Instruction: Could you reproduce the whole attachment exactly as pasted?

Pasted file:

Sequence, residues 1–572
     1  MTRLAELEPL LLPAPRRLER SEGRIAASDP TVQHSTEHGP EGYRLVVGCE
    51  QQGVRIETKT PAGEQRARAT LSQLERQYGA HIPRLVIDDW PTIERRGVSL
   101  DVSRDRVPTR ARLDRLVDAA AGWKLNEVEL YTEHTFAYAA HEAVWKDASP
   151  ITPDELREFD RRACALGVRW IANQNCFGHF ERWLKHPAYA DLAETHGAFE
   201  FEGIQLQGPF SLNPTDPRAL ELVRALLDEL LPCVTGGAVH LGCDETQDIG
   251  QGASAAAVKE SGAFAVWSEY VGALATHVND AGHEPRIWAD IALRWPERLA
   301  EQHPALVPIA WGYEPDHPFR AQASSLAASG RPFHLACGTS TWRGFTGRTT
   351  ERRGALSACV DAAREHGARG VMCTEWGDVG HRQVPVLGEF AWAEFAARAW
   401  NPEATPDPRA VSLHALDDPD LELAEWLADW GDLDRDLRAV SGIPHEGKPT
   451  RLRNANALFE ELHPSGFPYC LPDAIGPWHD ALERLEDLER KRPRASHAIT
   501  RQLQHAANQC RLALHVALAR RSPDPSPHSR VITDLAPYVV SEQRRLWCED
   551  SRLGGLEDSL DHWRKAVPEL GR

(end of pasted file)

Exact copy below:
Sequence, residues 1–572
     1  MTRLAELEPL LLPAPRRLER SEGRIAASDP TVQHSTEHGP EGYRLVVGCE
    51  QQGVRIETKT PAGEQRARAT LSQLERQYGA HIPRLVIDDW PTIERRGVSL
   101  DVSRDRVPTR ARLDRLVDAA AGWKLNEVEL YTEHTFAYAA HEAVWKDASP
   151  ITPDELREFD RRACALGVRW IANQNCFGHF ERWLKHPAYA DLAETHGAFE
   201  FEGIQLQGPF SLNPTDPRAL ELVRALLDEL LPCVTGGAVH LGCDETQDIG
   251  QGASAAAVKE SGAFAVWSEY VGALATHVND AGHEPRIWAD IALRWPERLA
   301  EQHPALVPIA WGYEPDHPFR AQASSLAASG RPFHLACGTS TWRGFTGRTT
   351  ERRGALSACV DAAREHGARG VMCTEWGDVG HRQVPVLGEF AWAEFAARAW
   401  NPEATPDPRA VSLHALDDPD LELAEWLADW GDLDRDLRAV SGIPHEGKPT
   451  RLRNANALFE ELHPSGFPYC LPDAIGPWHD ALERLEDLER KRPRASHAIT
   501  RQLQHAANQC RLALHVALAR RSPDPSPHSR VITDLAPYVV SEQRRLWCED
   551  SRLGGLEDSL DHWRKAVPEL GR